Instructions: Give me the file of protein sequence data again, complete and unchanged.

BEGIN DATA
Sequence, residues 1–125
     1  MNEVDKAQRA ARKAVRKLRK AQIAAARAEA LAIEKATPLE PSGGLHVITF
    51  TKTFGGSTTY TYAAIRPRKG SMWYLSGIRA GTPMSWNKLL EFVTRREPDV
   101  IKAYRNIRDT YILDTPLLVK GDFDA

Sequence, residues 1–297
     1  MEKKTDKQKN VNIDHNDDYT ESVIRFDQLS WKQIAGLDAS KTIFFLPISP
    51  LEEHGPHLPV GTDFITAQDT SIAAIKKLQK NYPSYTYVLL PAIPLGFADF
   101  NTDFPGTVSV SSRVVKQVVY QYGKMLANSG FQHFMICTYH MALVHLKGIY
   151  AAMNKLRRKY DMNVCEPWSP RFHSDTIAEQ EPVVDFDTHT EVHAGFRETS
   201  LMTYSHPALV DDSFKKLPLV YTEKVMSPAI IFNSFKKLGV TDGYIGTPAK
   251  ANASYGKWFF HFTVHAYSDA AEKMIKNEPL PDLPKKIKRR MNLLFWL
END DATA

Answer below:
Sequence, residues 1–125
     1  MNEVDKAQRA ARKAVRKLRK AQIAAARAEA LAIEKATPLE PSGGLHVITF
    51  TKTFGGSTTY TYAAIRPRKG SMWYLSGIRA GTPMSWNKLL EFVTRREPDV
   101  IKAYRNIRDT YILDTPLLVK GDFDA

Sequence, residues 1–297
     1  MEKKTDKQKN VNIDHNDDYT ESVIRFDQLS WKQIAGLDAS KTIFFLPISP
    51  LEEHGPHLPV GTDFITAQDT SIAAIKKLQK NYPSYTYVLL PAIPLGFADF
   101  NTDFPGTVSV SSRVVKQVVY QYGKMLANSG FQHFMICTYH MALVHLKGIY
   151  AAMNKLRRKY DMNVCEPWSP RFHSDTIAEQ EPVVDFDTHT EVHAGFRETS
   201  LMTYSHPALV DDSFKKLPLV YTEKVMSPAI IFNSFKKLGV TDGYIGTPAK
   251  ANASYGKWFF HFTVHAYSDA AEKMIKNEPL PDLPKKIKRR MNLLFWL